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Polypharmacy and medication regimen complexity as factors associated with hospital discharge destination among older people: a prospective cohort study

Citation

Wimmer, BC and Dent, E and Visvanathan, R and Wiese, MD and Johnell, K and Chapman, I and Bell, JS, Polypharmacy and medication regimen complexity as factors associated with hospital discharge destination among older people: a prospective cohort study, Drugs and Aging, 31, (8) pp. 623-630. ISSN 1170-229X (2014) [Refereed Article]

Copyright Statement

Copyright 2014 Springer International Publishing Switzerland

DOI: doi:10.1007/s40266-014-0185-1

Abstract

BACKGROUND: Older people often take multiple medications. It is a policy priority to facilitate older people to stay at home longer. Three-quarters of nursing home placements in the US are preceded by a hospitalization.

OBJECTIVE: To investigate the association between polypharmacy and medication regimen complexity with hospital discharge destination among older people.

METHODS: This prospective cohort study comprised patients aged ≥70 years consecutively admitted to the Geriatric Evaluation and Management unit at a tertiary hospital in Adelaide, Australia, between October 2010 and December 2011. Medication regimen complexity at discharge was calculated using the 65-item validated Medication Regimen Complexity Index (MRCI). Unadjusted and adjusted relative risks (RRs) with 95 % confidence intervals (CIs) were calculated for medication-related factors associated with discharge directly to home versus non-community settings (rehabilitation, transition care, and residential aged care).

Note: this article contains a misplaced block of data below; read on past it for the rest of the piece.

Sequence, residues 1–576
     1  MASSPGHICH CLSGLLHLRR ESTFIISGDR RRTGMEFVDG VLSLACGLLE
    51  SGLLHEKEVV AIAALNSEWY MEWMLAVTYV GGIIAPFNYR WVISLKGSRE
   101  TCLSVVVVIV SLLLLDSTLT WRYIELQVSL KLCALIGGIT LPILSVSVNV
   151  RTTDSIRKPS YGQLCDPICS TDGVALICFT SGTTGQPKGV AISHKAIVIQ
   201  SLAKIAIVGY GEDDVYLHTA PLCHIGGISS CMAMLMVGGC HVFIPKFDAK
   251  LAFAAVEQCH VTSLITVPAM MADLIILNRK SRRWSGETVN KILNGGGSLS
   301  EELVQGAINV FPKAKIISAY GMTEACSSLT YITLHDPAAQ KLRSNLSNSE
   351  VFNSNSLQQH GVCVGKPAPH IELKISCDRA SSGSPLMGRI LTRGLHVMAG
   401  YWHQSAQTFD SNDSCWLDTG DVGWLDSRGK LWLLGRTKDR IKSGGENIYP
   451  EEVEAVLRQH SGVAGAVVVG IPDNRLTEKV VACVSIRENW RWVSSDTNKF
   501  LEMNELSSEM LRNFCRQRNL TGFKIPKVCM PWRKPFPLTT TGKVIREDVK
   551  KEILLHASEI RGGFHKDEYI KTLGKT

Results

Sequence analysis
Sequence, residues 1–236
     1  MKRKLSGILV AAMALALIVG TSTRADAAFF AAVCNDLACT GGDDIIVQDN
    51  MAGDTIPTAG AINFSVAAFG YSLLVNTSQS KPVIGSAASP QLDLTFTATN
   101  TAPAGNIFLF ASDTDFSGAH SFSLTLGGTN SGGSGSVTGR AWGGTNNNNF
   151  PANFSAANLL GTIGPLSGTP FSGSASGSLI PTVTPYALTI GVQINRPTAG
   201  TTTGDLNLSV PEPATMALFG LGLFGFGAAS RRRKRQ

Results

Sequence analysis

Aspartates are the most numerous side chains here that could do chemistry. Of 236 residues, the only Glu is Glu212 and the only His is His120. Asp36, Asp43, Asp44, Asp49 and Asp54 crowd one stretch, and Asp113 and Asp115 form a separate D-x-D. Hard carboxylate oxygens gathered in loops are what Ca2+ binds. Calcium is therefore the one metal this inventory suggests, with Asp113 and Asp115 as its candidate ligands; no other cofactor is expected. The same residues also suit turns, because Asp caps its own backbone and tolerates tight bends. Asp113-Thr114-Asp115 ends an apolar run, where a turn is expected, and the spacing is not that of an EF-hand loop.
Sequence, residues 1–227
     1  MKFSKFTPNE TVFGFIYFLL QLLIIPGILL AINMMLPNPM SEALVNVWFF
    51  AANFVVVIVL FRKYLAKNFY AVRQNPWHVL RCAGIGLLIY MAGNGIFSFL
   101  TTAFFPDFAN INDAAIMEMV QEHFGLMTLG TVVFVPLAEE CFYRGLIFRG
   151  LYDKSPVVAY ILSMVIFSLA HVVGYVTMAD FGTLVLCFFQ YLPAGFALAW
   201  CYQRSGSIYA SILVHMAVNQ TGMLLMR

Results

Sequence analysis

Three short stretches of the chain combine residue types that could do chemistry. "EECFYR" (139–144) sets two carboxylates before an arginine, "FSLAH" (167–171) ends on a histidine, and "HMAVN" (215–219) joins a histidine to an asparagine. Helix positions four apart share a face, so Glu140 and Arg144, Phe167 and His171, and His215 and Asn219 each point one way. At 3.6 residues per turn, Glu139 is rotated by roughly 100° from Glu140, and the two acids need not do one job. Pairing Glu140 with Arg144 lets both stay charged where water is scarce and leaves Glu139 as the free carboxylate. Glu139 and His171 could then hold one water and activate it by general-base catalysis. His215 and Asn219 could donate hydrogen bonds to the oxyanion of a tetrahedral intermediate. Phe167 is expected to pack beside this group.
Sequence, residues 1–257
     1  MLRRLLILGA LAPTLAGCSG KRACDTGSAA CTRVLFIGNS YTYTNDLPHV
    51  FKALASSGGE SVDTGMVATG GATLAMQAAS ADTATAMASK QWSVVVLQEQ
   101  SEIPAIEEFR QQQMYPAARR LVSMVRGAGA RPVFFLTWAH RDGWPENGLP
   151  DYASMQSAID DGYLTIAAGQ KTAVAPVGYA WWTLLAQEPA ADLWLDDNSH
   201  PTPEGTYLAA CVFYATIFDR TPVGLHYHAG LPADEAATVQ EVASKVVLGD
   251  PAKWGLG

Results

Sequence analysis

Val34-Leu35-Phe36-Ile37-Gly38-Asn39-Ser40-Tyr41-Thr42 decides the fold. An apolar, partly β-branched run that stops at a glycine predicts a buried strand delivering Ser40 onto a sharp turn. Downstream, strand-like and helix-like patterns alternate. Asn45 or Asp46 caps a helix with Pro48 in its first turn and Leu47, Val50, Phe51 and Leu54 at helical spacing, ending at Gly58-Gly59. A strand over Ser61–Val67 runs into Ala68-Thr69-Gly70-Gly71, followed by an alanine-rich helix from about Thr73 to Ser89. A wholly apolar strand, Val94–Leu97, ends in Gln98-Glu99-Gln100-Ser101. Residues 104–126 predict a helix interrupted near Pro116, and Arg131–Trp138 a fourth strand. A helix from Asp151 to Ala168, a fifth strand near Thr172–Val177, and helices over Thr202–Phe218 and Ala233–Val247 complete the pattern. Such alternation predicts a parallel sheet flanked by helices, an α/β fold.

RESULTS: From 163 eligible patients, 87 were discharged directly to home (mean age 84.6 years, standard deviation [SD] 6.9; mean MRCI 26.1, SD 9.7), while 76 were discharged to non-community settings (mean age 85.8 years, SD 5.8; mean MRCI 29.9, SD 13.2). After adjusting for age, sex, comorbidity, and activities of daily living, having a high medication regimen complexity (MRCI >35) was inversely associated with discharge directly to home (RR 0.39; 95 % CI 0.20-0.73), whereas polypharmacy (≥9 medications) was not significantly associated with discharge directly to home (RR 0.97; 95 % CI 0.53-1.58).

CONCLUSION: Having high medication regimen complexity was inversely associated with discharge directly to home, while polypharmacy was not associated with discharge destination.

Item Details

Item Type:Refereed Article
Keywords:medication regimen complexity, polypharmacy, aged, discharge destination
Research Division:Medical and Health Sciences
Research Group:Pharmacology and Pharmaceutical Sciences
Research Field:Clinical Pharmacy and Pharmacy Practice
Objective Division:Expanding Knowledge
Objective Group:Expanding Knowledge
Objective Field:Expanding Knowledge in the Medical and Health Sciences
Author:Wimmer, BC (Dr Barbara Wimmer)
ID Code:106643
Year Published:2014
Web of Science® Times Cited:11
Deposited By:Pharmacy
Deposited On:2016-02-17
Last Modified:2017-11-02
Downloads:0

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